There’s an adage that says you get what you pay for. The warning is especially relevant for homebuyers who work with the listing agent in a so-called single-agent transaction.
“I’ve heard too many war stories about buyers who think they’ll get a better deal by going directly to the listing agent of the property,” says Bill Golden, a Re/Max agent in Atlanta. “Most often, they do not get a better deal, and they end up not being represented properly in the negotiations.”
In fact, buyers who use the listing agent aren’t represented at all, which is why single-agent transactions seem abhorrent to many real-estate professionals.
“If you were being sued by someone, would you use the same attorney as the person suing you? Of course not,” says Deb Tomaro, a Re/Max agent in Bloomington, Ind. But data from the National Association of Realtors seems to suggest that as many as 10 percent of residential transactions could be single-agent deals. (The trade group doesn’t have direct figures on buyers using listing agents, but instead relies on member surveys, which track real estate firms, not individual agents.)
Confusingly, the terms “dual agency” and “single-agent” transaction mean the same thing, with the difference being that of perspective: The agent sees his or her role as that of a dual agent because the agent represents both parties, whereas a buyer would view a deal with only one agent as a single-agent transaction.
Why do buyers work with the listing agent?
Typically, buyers who choose to work with the listing agent say they do so because they think they’re getting a better deal. But agents like Jon Sterling of Chase International in Tahoe City, Calif., have doubts.
“The idea that buyers can negotiate to get the listing agent to give up part of their commission because the buyers are unrepresented is a myth,” he says. “Sure, some people have been successful doing that. It’s the exception, not the rule.”
It also doesn’t make much sense when you consider that sellers, not buyers, typically pay commissions, according to associate professor Eric Chen, who teaches business at the University of Saint Joseph in West Hartford, Conn.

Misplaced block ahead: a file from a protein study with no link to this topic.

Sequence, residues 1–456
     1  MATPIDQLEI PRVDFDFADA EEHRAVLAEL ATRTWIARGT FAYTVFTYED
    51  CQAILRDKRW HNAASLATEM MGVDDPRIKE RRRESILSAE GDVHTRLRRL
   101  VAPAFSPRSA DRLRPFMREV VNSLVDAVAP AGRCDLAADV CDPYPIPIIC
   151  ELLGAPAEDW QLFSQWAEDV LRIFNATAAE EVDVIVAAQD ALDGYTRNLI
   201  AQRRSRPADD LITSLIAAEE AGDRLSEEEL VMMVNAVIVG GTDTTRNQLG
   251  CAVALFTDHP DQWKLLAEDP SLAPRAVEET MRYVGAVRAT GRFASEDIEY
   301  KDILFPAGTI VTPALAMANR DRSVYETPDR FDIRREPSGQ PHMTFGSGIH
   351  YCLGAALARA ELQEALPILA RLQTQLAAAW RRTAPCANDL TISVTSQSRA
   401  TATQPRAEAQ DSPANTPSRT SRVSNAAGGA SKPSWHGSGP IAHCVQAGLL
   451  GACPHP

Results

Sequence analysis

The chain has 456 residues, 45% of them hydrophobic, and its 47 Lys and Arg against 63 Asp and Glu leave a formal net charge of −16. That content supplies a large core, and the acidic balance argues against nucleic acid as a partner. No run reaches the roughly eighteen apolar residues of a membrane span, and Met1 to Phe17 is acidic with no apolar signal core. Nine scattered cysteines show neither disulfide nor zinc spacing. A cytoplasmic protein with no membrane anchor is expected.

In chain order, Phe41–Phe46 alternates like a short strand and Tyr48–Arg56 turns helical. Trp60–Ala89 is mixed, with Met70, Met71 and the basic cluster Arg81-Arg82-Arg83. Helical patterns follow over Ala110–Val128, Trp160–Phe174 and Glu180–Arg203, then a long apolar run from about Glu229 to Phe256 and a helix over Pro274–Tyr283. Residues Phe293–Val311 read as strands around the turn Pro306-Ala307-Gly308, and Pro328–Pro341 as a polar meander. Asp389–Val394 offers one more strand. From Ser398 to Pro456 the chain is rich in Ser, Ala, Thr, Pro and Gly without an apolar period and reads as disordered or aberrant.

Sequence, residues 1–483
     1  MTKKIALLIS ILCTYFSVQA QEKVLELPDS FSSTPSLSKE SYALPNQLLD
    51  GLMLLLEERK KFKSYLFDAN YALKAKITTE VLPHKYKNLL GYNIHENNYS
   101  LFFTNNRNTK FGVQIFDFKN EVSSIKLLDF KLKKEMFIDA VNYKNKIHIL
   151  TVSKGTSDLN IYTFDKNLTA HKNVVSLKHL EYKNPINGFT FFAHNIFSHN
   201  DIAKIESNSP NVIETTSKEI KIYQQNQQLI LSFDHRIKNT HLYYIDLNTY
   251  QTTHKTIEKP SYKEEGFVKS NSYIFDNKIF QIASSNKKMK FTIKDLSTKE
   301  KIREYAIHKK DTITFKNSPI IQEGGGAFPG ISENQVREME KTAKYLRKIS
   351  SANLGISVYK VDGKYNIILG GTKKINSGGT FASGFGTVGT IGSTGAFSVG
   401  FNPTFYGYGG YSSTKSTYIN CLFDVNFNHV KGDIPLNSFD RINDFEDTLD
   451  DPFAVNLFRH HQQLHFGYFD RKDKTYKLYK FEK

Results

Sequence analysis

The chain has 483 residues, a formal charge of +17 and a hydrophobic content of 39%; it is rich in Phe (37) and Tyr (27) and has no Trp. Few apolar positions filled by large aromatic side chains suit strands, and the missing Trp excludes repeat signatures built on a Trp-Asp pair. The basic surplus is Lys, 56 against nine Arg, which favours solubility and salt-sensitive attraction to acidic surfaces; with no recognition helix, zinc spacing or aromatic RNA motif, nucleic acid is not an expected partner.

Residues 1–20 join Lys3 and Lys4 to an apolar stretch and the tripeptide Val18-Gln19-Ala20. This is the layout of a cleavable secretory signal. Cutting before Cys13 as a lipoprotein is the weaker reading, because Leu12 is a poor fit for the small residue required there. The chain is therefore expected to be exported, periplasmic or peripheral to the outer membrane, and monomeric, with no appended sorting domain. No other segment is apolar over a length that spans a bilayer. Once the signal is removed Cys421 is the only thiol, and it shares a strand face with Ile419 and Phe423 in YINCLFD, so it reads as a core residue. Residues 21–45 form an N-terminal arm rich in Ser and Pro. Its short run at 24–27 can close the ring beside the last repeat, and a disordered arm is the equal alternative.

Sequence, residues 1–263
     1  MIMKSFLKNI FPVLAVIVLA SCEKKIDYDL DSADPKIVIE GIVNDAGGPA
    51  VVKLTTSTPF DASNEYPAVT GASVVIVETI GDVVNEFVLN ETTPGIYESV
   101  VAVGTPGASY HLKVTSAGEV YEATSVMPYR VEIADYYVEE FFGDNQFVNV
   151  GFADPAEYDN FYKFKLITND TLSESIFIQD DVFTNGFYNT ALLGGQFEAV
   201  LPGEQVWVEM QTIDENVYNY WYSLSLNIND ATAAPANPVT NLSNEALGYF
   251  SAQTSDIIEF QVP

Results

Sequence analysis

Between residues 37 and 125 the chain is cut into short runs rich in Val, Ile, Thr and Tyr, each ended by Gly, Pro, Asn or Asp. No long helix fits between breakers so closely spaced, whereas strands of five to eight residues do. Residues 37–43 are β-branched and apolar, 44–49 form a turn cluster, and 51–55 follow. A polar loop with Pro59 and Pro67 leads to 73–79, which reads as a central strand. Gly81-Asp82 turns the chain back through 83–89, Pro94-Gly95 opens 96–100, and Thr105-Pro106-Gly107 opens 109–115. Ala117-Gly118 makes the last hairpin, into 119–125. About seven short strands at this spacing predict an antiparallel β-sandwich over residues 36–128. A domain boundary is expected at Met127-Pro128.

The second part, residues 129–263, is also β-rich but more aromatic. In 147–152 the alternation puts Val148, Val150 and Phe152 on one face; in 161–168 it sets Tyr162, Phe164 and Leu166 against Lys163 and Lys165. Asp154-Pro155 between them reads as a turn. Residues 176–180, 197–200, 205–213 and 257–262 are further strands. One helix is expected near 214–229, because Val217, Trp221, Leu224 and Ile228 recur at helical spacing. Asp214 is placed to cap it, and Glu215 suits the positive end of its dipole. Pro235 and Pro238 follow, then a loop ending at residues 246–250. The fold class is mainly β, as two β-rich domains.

“If the buyer is working with the listing agent, be aware of the conflict of interest problem that exists,” says Chen. “Remember that the listing agent is interested in getting a deal done, and the higher the purchase price, the bigger the commission to the agent.”
Do buyers actually pay more?
Data are mixed on whether buyers in single-agent transactions end up paying more, according to Bennie Waller, a finance and real estate professor at Longwood University in Farmville, Va., who has co-authored two papers on the topic. But the reason for the mixed results, says Waller, most likely has to do with the time the property is on the market. Single-agent deals that happen within 30 days of listing typically sell for a 10 to 18 percent premium. But when the property sells within the last 30 days of the listing contract, the price actually drops by 5 to 6 percent.
What’s the harm?
The problem with the single-agent deal is that it makes it impossible for the agent to fulfill a fiduciary duty to both parties.
“The agent has an inherent conflict of interest when working with the buyer,” says John O’Brien, a Chicago attorney who handles real estate transactions. “It is very difficult for the agent to keep his knowledge of the buyer’s negotiating points, including their best price, from becoming known to the seller, either directly or through the agent’s advice to the seller regarding counter-offers.”
Beyond price, buyers should understand that a single-agent deal creates the opportunity for a problem on virtually every deal point, says Chen.
“Because of the conflict of interest, there is a real chance that the agent doesn’t have the buyer’s best interests in mind,” Chen says. “It doesn’t necessarily happen every time. However, the pressure, opportunity and rationalization are all there for the seller’s agent to act in their own client’s interest and against the interests of the seller.”
Not everyone sees an automatic conflict of interest.
“There are some who feel that it is an automatic conflict to represent both parties,” says Sterling Watkins, a broker-owner with Help-U-Sell of Folsom, Calif. “I happen to disagree. If no confidences are violated, each party has a chance to make a decision at every turn in the road.”
Although Watkins certainly has the minority opinion on the matter, it’s worth pointing out that most real estate firm contracts do contemplate the possibility of a single-agent deal. But, as Chen says, “that language usually looks an awful lot like a waiver.”